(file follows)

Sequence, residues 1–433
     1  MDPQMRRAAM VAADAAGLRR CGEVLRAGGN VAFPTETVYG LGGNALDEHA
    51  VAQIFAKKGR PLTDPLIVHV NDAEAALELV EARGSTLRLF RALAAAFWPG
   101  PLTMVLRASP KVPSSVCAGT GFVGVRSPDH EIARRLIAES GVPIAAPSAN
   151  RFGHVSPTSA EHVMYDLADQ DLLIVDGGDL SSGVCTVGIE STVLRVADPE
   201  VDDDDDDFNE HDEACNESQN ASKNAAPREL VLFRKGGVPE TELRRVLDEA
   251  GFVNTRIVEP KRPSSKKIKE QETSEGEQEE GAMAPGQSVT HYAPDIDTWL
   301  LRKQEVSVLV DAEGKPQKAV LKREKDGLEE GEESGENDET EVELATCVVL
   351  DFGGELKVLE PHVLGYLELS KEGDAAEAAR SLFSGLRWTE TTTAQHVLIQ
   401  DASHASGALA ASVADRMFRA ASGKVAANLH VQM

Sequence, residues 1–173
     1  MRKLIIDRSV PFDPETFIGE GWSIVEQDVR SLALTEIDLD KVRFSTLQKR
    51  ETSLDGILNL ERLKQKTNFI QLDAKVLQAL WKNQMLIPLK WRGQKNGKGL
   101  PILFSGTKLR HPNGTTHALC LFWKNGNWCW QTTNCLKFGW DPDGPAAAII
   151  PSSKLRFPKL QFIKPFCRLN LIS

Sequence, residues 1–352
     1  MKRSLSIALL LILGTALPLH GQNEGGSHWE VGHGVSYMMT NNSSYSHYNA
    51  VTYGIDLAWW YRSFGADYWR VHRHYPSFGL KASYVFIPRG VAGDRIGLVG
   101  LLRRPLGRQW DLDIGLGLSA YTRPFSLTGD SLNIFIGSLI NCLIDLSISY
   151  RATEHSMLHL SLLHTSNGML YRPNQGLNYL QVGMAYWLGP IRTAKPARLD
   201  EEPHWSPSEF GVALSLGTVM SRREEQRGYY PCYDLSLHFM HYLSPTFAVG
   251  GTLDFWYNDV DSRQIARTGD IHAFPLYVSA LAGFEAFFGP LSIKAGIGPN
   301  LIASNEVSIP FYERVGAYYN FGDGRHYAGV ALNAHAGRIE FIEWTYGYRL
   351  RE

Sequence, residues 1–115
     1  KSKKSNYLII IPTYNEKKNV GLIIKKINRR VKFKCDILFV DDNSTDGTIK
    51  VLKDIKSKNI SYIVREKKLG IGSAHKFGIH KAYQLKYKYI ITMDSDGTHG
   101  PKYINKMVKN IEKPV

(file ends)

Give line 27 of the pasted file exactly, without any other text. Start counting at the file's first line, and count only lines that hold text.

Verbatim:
    51  VLKDIKSKNI SYIVREKKLG IGSAHKFGIH KAYQLKYKYI ITMDSDGTHG